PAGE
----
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Stay Off the Tracks until they are shut down

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GO Train collides with tow truck Friday in Oakville leaving passengers stranded

 

Tow Truck struck by GO train_Super_Portrait.jpg

 

No one was injured but hundreds of passengers were left stranded after a GO Train struck a tow truck on the tracks in Oakville Friday night.

 

The crash occurred on the westbound tracks near Burloak Drive and Wyecroft Road at about 7:30 p.m. The truck was partially on the tracks when it was struck.

 

Halton police said the train came to a safe stop and "thankfully there were no injuries reported by any of the GO Train employees, the passengers on the train, or the involved tow truck driver."

 

The tow truck was parked partially on the tracks hooking up a disabled vehicle when the railway crossing arms came down, police said.

 

It was too late for the driver to move the tow truck out of the way.

 

The incident caused "major delays and disruption" to GO Train services, Halton police said in a statement. As for the stranded passengers, GO Transit officials arranged for buses to transport them to their destinations.

 

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Had a recovery at a major crossing once. Called the police who called NJ Transit. 2 hours later after rush hour trains they shut the line down for me to winch the van up the hill as I sat across the crossing. Only place I can be to recover the owners van. Poor fellow was so worried the van would slide down the hill sat there for a little bit till I tossed a few rocks under the tires.

Any RR crossing if you are there for even a hookup call the number at the crossing if not call local PD. Trains IMO have a little more weight and I've always land, air, or water respect yield to tonnage.

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I've written on this subject many times through the years and have counted as many as 2x operator fatalities working railroad right-of-ways. I believe this is the same 2015 Go train crash that took the life of canadian tow operator Randy Muzzi working a previous accident near the tracks. While I don't like to be critical of any operator's recovery or tow in a malicious way, I always look for lessons learned from previous accidents, scenarios and operator injury or deaths when it comes to railroad recoveries. In this picture alone, I'd ask, "With a perfectfully good set of tow dollies, and considering a train may not have gotten the message that a tow truck was on-scene, why didn't the operator hook the vehicle up from the opposite end and install dollies?" Also obvious is the sposted sign, "Do not stop on tracks", not mre than 20-or-so feet from the point of impact. Trains and metro-links always have the right-of-way where towers need to find other ways to remain off the tracks if at all possible especially at controlled crossings. It's my policy to not work any rail incident until the area police are on-scene and I have conversation with the railroad police to confirm. But even then, there's no guarantee that the message from the rail dispatch to the train's conductor was received. No matter what, rail scenarios are really scary. Unfortunately for the tower in this incident, a claim that the train didn't stop may not fly when choosing who most likely caused this crash.      R.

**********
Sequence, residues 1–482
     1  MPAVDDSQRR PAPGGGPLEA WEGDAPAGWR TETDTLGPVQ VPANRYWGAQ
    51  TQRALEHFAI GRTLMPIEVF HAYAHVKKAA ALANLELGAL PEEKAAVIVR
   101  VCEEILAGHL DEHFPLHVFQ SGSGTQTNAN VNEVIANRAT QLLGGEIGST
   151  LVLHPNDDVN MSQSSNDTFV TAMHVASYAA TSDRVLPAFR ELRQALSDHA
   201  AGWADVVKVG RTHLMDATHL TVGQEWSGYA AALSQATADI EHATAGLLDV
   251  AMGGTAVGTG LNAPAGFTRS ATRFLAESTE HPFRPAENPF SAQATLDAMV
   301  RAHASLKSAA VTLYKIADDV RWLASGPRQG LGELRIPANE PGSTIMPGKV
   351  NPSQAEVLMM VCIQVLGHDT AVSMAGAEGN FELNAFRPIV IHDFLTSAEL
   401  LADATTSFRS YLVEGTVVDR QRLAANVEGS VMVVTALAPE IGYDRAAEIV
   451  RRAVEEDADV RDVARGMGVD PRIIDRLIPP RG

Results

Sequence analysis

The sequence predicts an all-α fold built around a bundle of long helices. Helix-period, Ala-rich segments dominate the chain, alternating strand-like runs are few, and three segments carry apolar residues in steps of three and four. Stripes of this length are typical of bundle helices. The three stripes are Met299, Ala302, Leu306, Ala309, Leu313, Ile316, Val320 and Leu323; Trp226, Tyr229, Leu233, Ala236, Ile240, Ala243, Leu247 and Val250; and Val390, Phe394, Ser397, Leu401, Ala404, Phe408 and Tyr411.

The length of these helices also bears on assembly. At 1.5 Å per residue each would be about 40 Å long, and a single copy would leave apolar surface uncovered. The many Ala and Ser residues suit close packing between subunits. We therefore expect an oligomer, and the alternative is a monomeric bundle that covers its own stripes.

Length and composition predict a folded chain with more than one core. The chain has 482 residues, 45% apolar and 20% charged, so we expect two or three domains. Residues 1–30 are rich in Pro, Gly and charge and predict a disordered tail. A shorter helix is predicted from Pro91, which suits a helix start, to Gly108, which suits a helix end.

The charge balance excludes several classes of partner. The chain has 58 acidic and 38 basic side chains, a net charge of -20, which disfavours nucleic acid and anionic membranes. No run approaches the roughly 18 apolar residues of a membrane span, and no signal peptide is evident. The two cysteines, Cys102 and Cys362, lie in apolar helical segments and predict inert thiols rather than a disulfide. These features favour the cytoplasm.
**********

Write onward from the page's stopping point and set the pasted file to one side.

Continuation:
Edited by rreschran
Spelling

Randall C. Resch

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It is a case of sheer, untrained laziness... There are so many towers out there that seem to think that setting up dollies is the hardest thing in the world. That is a constant complaint I hear from guys around here. " Oh I had to dolly this one " I have seen guys do everything in their power to avoid dollies to the point they will wait 30-40 minutes for a carrier rather than load up dollies for the 5 mile tow. It drives me nuts.. It is usually the new guys who never had to use the old school all steel pan style dollies.. All you old timers like me know what im talking about. Modern dollies to me are the greatest thing since sliced bread. Not to mention what would have been so wrong with rolling the car back a few feet if you were so against dollies? We have a major freight railway that litterally cuts right through downtown here so we have many, many crossings and exposed rail that runs along main arteries of traffic. I get at least 2 calls a month for vehicles on the tracks and the FIRST thing I ask when i arrive on scene is if the railroad has been notified. It happens all the time here so P.D. has it pretty much down pat BUT I ALWAYS VERIFY before putting myself or my equipment anywhere near the tracks. Always remember, complacency KILLS


There are Tow Truck Drivers, Then There is Towing and Recovery operators...... Which one are you??🤨